24 January 2020 at Chapel en le frith Golf Club.
Forest Distillery Ltd has been all over our local papers. Last autumn they announced that they’d signed a ten year lease with Robinson’s to take over the old Cat & Fiddle Inn, up on the moor on the Macclesfield-Buxton road at the very edge of Cheshire East (it’s not in Derbyshire), with the intention of developing a whisky distillery. The extensive old cellars would be ideal, they reckoned. We all cheered: an iconic old pub to reopen, with the prospect of lots of new visitors to taste and buy a locally made craft product.
Richard Banyard, ECJ, Karl Bond (Forest Distillery), Jaime llull, Robert Largan MP
“I’m a great believer is saying yes, and then figuring out how to do it,” confessed Karl Bond, the new licensee, our Business Club speaker on January 24th. Not quite what the business gurus advise. And our new MP Robert Largan was present, listening in. But this company has confounded expectations since it got going, as Forest Gin, back in 2014.
Karl was selling IT products and getting home very late to his wife Lindsay and little girl. They lived in the Macclesfield Forest and enjoyed collecting the berries, mosses and ferns from their walks, and using them to make jams and home concoctions.. so why not try making gin? It couldn’t be that hard.
They got a licence, bought a still from ebay, some cheap vodka, and flavours from a health food shop. “And the result was disgusting!” Karl grimaced. So gradually they evolved, tasting and trying, realising that they needed to take this seriously: “We read everything,” and acquired a high quality still with copper piping, used organic grain spirit and the freshest produce from their walks. And spring water, not piped water. After much trial and error, even while Karl clung on to the day job, they were satisfied. And pondering how to turn a pastime into a business.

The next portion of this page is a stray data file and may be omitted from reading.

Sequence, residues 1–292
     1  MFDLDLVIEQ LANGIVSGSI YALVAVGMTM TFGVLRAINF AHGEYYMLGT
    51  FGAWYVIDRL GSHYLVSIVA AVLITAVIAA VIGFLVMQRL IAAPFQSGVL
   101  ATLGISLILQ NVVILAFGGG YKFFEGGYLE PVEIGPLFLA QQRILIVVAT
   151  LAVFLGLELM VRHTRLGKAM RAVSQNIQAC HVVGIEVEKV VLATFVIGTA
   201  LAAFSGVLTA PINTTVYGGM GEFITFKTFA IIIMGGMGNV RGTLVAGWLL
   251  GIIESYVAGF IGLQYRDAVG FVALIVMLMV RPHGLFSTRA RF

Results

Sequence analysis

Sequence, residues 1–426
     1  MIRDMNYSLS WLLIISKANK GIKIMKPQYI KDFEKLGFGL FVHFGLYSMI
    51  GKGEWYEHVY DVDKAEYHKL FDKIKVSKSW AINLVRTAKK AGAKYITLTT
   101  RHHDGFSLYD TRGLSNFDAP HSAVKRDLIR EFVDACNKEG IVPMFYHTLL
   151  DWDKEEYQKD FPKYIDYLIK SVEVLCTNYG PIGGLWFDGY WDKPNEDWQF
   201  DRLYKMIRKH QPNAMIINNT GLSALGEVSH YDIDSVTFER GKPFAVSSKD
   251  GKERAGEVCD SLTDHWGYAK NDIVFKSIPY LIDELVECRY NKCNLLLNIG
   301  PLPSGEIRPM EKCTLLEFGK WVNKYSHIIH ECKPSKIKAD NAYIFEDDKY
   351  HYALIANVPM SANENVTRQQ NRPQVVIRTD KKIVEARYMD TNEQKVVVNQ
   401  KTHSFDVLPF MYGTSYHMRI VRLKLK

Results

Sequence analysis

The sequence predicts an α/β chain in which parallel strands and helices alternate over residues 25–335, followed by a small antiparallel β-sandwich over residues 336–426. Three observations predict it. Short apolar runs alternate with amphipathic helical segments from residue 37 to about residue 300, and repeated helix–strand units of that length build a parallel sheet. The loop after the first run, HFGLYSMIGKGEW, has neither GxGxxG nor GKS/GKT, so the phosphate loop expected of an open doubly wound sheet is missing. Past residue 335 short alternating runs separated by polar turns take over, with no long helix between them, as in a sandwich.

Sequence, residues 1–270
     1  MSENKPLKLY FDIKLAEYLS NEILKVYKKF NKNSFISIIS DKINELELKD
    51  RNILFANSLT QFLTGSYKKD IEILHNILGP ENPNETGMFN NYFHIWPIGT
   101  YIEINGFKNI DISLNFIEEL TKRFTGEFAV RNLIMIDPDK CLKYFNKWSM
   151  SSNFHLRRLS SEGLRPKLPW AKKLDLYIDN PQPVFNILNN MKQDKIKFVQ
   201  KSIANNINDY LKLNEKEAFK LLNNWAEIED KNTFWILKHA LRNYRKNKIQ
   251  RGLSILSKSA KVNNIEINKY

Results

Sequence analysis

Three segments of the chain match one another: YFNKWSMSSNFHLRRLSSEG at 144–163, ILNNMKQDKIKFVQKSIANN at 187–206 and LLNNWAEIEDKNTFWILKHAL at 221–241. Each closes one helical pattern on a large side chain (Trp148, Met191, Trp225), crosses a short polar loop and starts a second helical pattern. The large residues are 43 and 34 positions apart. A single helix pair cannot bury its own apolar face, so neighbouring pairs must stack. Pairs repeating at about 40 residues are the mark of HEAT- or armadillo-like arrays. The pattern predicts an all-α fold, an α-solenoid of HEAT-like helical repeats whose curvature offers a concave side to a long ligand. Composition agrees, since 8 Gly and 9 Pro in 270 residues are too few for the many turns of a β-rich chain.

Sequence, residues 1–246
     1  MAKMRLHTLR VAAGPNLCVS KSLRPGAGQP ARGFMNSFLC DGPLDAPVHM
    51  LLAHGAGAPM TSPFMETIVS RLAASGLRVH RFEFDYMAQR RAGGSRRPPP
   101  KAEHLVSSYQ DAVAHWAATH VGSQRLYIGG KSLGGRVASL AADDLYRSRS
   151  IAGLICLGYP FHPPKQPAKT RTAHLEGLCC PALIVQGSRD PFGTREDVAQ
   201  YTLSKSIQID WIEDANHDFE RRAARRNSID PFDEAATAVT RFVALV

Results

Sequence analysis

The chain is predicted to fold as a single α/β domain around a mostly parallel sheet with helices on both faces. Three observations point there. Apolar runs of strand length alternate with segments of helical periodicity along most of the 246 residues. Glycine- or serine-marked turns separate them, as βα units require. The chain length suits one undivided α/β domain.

For Christmas 2014 they ordered their distinctive ceramic bottle from Wade, down the road in Stoke on Trent. When the first delivery of 1,200 arrived there was nowhere to put them: “There were bottles everywhere – in the bedrooms, on the stairs…” When the still was running, there wasn’t enough power to run a computer. That’s some learning curve.
Then the batch of 72 bottles was ready. The original idea of selling it at craft fairs had turned out disappointing, though Karl managed to give some away to chefs and other key figures in restaurants. The breakthrough came when he was contacted on Twitter by a fan… who just happened to be the buyer for Harvey Nichols in Knightsbridge.
Soon Heston Blumenthal was serving it, theirs was the only gin in the First Class lounge at Euston station, and rave reviews were coming in. “We had to learn fast how to invoice,” Karl said. Honestly. BBC TV’s Countryfile filmed the family foraging, the only marketing video they were able to show inquirers. The next year, several bottles were entered into the “Oscars”, the San Francisco World Spirits Competition, and won an unprecedented two double-gold medals. Orders came in from Japan. A hobby had turned into a global success.